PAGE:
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1 The Logic of Quantified Statements

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2 Definition of Predicate Predicate is a sentence that contains finite number of variables; becomes a statement when specific values are substituted for the variables. Ex: let predicate P(x,y) be “x>2 and x+y=8” when x=5 and y=3, P(5,3) is “5>2 and 5+3=8” Domain of a predicate variable is the set of all possible values of the variable. Ex (cont.): D(x)= ; D(y)=R

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3 Truth Set of a Predicate If P(x) is a predicate and x has domain D, then the truth set of P(x) is all x D such that P(x) is true. (denoted {x D | P(x)} ) Ex: P(x) is “5

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4 Universal Statement and Quantifier Let P(x) be “x should take Math306”; D={Math majors} be the domain of x. Then “all Math majors take Math306” is denoted x D, P(x) and is called universal statement. is called universal quantifier; expressions for : “for all”, “for arbitrary”, “for any”, “for each”.

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5 Truth and Falsity of Universal Statements Universal statement “ x D, P(x)” is true iff P(x) is true for every x in D; is false iff P(x) is false for at least one x. (that x is called counterexample) Ex: 1) Let D be the set of even integers. “ x D y D, x+y is even” is true. 2) Let D be the set of all NBA players. “ x D, x has a college degree” is false. Counterexample: Kobe Bryant.

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6 Existential Statement and Quantifier Let P(x) be “x(x+2)=24”; D =Z be the domain of x. Then ”there is an integer x such that x(x+2)=24” is denoted “ x D, P(x)” and is called existential statement. is called existential quantifier; expressions for : “there exists”, “there is a”, “there is at least one”, “we can find a”.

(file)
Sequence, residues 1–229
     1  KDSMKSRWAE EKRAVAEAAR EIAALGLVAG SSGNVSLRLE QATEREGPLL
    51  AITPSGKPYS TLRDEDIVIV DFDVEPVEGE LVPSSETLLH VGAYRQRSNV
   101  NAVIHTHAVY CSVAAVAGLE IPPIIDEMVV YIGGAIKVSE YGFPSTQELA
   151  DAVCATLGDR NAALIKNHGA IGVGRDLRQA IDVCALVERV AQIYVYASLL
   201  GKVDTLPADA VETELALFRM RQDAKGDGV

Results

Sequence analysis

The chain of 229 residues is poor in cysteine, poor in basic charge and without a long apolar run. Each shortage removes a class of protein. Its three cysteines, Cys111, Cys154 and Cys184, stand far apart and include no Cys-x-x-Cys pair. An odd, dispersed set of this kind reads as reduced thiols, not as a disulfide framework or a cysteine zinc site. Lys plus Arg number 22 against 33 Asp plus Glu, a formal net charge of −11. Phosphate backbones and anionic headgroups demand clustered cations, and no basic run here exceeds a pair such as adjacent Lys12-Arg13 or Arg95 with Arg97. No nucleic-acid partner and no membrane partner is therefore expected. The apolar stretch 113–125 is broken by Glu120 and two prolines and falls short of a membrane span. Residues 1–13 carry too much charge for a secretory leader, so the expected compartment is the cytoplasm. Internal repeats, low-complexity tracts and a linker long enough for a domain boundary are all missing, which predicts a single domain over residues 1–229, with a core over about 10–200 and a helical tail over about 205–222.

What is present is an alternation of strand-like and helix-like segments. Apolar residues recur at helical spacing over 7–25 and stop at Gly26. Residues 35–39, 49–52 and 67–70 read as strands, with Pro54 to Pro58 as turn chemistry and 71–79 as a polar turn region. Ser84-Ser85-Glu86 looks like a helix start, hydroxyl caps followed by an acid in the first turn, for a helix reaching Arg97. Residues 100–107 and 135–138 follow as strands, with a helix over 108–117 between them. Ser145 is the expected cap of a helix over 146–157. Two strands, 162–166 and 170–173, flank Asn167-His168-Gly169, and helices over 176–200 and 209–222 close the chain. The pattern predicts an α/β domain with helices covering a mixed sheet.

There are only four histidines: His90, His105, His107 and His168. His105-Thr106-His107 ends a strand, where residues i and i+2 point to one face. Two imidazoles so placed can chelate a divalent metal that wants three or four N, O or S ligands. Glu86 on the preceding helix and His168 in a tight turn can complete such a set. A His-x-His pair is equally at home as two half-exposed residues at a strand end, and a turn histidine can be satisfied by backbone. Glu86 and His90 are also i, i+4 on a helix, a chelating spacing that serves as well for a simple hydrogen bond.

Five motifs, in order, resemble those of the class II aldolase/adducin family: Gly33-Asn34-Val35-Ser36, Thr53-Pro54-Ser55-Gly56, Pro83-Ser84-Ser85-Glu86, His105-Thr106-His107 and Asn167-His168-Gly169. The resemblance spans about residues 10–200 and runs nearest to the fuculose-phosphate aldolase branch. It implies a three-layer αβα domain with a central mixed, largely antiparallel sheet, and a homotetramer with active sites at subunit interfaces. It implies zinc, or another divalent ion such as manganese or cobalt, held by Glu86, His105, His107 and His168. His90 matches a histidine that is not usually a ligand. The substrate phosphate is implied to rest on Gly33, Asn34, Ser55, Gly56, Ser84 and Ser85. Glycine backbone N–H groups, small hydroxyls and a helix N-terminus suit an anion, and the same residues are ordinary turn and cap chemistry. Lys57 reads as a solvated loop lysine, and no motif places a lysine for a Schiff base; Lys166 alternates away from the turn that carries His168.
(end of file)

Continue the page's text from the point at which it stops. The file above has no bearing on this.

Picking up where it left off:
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7 Truth and Falsity of Existential Statements Existential statement “ x D, P(x)” is true iff P(x) is true for at least one x in D; is false iff P(x) is false for all x in D. Ex: 1) Let D be the set of rational numbers. “ x D, ” is true. 2) Let D = Z. “ x D, x(x-1)(x-2)(x-3)<0” is false. Why? Hint: Use proof by division into cases.

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8 Negations of Quantified Statements The negation of universal statement “ x D, P(x)” is the existential statement “ x D, ~P(x)” Example: The negation of “All NBA players have college degree” is “There is a NBA player who doesn’t have college degree”.

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9 Negations of Quantified Statements The negation of existential statement “ x D, P(x)” is the universal statement “ x D, ~P(x)” Example: The negation of “ x Z such that x(x+1)<0” is “ x Z, x(x+1) ≥ 0”.

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10 Statements containing multiple quantifiers Ex: 1) x R, y Z such that |x-y|<1. 2) For any building x in the city there is a fire-station y such that the distance between x and y is at most2 miles. 3) x Z such that y [3,5], x

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11 Truth values of multiply quantified statements Ex: Students = {Joe, Ann, Bob, Dave} 2 groups of languages: Asian languages={Japanese,Chinese,Korean}; European languages={French, German, Italian, Spanish}. Joe speaks Italian and French; Ann speaks German, French and Japanese; Bob speaks Spanish, Italian and Chinese; Dave speaks Japanese and Korean.